Many opponents of Orthodoxy – and Christianity in general – wrestle with the concept of free will. Because God is all-knowing, they say, He already knows every “choice” we will ever make. What we eat each day, whether we take the bus or walk, how we will die, if we will join Him in Heaven. And because of this, we aren’t truly making choices. Instead, they claim, we’re walking a predestined path, one God has already foreseen. We cannot possibly have free will, they say. Because God already knows. However, it isn’t that simple. We have to dig a bit deeper to really understand this. First, we need to define what free will is. Then we will discuss the difference between God’s omniscience and His ability to predetermine events.
What is free will?
Before we can get into the theology of free will in Orthodox tradition, we have to define what free will actually is. Google’s dictionary defines free will in the secular sense: the power of acting without the constraint of necessity or fate; the ability to act at one’s own discretion. Notice the limitation here; we can’t simply do whatever we want. That’s not what free will is. We can’t stop eating or breathing; out of necessity we will have to eat or breathe again, or we’ll die. We can’t stop ourselves from aging, move mountains (without faith), or swallow a lake. The laws of Nature (created by God) place certain limitations on us. Any actions that fall under these limitations, therefore, have no place in the discussion of free will.
The Orthodox definition of free will
The Orthodox Church defines free will in a similar manner to Google, but we simplify things a bit. In a “religious” context, free will is our ability to choose between good and evil, between righteousness and sin. We acknowledge the limitations of human nature itself on free will, physical and spiritual. In every choice we risk falling into sin without the Grace of God to guide us. And sin limits our choices, drawing us away from God.
The Orthodox Church holds to the teaching of synergy (working together), which says that man has the freedom to, and must if he wants to be saved, accept and work with the Grace of God. In Western Christianity, many denominations believe man doesn’t have the capacity for this choice because of original sin. These denominations view human nature as totally depraved, incapable of choosing between good and evil or taking any part in our salvation. It follows, then, that they believe God is the one who makes the choice for you.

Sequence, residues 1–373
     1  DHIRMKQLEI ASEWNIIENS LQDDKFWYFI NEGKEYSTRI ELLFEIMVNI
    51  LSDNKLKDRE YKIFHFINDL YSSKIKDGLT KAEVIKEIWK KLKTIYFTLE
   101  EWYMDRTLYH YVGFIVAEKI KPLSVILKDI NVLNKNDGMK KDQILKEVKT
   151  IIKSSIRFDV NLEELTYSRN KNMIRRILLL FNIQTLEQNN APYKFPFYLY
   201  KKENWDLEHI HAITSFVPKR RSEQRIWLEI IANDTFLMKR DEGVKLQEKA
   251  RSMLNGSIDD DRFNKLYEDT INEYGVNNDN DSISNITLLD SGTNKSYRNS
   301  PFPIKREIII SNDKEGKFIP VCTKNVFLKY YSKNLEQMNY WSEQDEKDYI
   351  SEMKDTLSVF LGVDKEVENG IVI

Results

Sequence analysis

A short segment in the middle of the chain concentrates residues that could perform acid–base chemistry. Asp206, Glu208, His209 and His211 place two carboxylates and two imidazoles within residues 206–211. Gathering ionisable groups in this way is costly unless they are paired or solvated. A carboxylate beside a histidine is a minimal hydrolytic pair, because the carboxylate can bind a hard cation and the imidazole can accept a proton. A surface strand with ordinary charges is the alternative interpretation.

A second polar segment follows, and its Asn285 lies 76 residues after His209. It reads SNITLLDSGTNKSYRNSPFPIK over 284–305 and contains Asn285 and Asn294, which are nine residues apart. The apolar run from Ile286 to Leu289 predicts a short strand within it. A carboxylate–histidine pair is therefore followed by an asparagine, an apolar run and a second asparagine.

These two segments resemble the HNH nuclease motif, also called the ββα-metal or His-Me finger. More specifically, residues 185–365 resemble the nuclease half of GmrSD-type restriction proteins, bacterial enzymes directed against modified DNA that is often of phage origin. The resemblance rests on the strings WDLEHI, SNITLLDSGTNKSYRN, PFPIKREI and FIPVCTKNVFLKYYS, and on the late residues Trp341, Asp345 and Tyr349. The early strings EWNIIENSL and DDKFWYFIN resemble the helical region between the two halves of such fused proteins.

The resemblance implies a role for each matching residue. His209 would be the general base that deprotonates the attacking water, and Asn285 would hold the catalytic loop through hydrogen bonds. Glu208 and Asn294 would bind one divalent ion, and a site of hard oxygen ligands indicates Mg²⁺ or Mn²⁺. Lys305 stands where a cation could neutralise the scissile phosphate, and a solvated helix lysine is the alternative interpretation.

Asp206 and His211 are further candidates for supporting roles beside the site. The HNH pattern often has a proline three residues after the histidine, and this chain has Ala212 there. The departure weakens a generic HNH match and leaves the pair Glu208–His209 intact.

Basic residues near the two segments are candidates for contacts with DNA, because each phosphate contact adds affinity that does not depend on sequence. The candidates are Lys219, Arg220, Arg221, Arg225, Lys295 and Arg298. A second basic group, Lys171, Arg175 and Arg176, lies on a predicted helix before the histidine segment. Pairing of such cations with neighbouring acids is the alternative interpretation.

Omniscience vs. Predetermination
Most who argue against free will inevitably confuse the concepts of omniscience (knowing all) and predetermination (deciding beforehand). Often, they combine the two, believing you can’t have one without the other. However, these two concepts don’t have to be mutually inclusive. God has the ability to decide when and if He predetermines something. (Our understanding of the “logic” of this phenomenon is not necessary; God’s ability to do this has been illustrated throughout the Scriptures, and that alone is sufficient for the Orthodox.) And this predetermination can exist outside His omniscience, just as His omniscience can exist outside predetermination. In other words, just because God knows something will happen does not necessarily mean He predetermined it.
The Orthodox view of free will further asserts that everything in our earthly lives is a choice, even accepting the Grace of God. God is the source of all that is good. Therefore, without His cooperation and help, we can’t do any good thing. It is our choice whether we live a life that pleases God or one that saddens Him. God knows all things we will do, but He does not make those decisions for us. He wants us to follow Him, to love Him and do what is good. But it is not God’s will that we be forced to do this. For if we were forced to love Him, could we really call it love?
From the Church Fathers
We leave you today with a quote from St. Iranaeus that summarizes the Orthodox position on free will. Some food for thought. 🙂
This expression of our Lord, “How often would I have gathered thy children together, and thou wouldest not, (Matthew 23:37), set forth the ancient law of human liberty, because God made man a free agent from the beginning, possessing his own power, even as he does his own soul, to obey the behests of God voluntarily, and not by compulsion of God.
For there is no coercion with God, but a good will towards us is present with Him continually. And therefore does He give good counsel to all. In man, as well as the angels, He has placed the power of choice…so that those who had yielded obedience might rightly possess the good, given indeed by God, but preserved by themselves. On, the other hand, they who have not obeyed, shall, with justice, be not found in possession of the good, and shall receive condign punishment : for God did kindly bestow on them what was good.St. Iranaeus, Against the Heresies, IV, 37, I
The discussion surrounding free will is obviously more complex than we’ve made it in this post. However, it all boils down to the difference between omniscience and predetermination. God’s power and His knowledge astound us, and we make fools of ourselves attempting to comprehend what is beyond our understanding. We know God created us with free will, and for those who believe in Him, that much is enough.
Read More >> Teachings of the Orthodox Church